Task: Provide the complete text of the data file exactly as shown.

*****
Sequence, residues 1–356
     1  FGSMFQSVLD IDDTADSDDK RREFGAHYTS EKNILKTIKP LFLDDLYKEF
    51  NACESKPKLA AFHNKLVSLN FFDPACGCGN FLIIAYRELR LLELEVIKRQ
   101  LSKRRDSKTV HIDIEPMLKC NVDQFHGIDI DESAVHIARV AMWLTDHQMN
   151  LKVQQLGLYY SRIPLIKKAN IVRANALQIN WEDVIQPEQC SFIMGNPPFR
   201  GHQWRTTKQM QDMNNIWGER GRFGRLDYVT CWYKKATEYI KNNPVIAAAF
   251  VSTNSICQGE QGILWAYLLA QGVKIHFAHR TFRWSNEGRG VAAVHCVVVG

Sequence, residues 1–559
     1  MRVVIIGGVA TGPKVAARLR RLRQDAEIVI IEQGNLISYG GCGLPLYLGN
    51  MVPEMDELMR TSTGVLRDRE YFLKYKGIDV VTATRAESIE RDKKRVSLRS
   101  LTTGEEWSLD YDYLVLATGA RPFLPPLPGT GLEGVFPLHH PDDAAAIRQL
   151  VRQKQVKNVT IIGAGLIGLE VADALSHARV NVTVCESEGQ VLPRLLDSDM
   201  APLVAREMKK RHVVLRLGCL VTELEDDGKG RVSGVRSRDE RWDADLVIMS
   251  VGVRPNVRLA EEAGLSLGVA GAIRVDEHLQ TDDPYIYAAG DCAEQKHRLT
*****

Sequence, residues 1–356
     1  FGSMFQSVLD IDDTADSDDK RREFGAHYTS EKNILKTIKP LFLDDLYKEF
    51  NACESKPKLA AFHNKLVSLN FFDPACGCGN FLIIAYRELR LLELEVIKRQ
   101  LSKRRDSKTV HIDIEPMLKC NVDQFHGIDI DESAVHIARV AMWLTDHQMN
   151  LKVQQLGLYY SRIPLIKKAN IVRANALQIN WEDVIQPEQC SFIMGNPPFR
   201  GHQWRTTKQM QDMNNIWGER GRFGRLDYVT CWYKKATEYI KNNPVIAAAF
   251  VSTNSICQGE QGILWAYLLA QGVKIHFAHR TFRWSNEGRG VAAVHCVVVG

Sequence, residues 1–559
     1  MRVVIIGGVA TGPKVAARLR RLRQDAEIVI IEQGNLISYG GCGLPLYLGN
    51  MVPEMDELMR TSTGVLRDRE YFLKYKGIDV VTATRAESIE RDKKRVSLRS
   101  LTTGEEWSLD YDYLVLATGA RPFLPPLPGT GLEGVFPLHH PDDAAAIRQL
   151  VRQKQVKNVT IIGAGLIGLE VADALSHARV NVTVCESEGQ VLPRLLDSDM
   201  APLVAREMKK RHVVLRLGCL VTELEDDGKG RVSGVRSRDE RWDADLVIMS
   251  VGVRPNVRLA EEAGLSLGVA GAIRVDEHLQ TDDPYIYAAG DCAEQKHRLT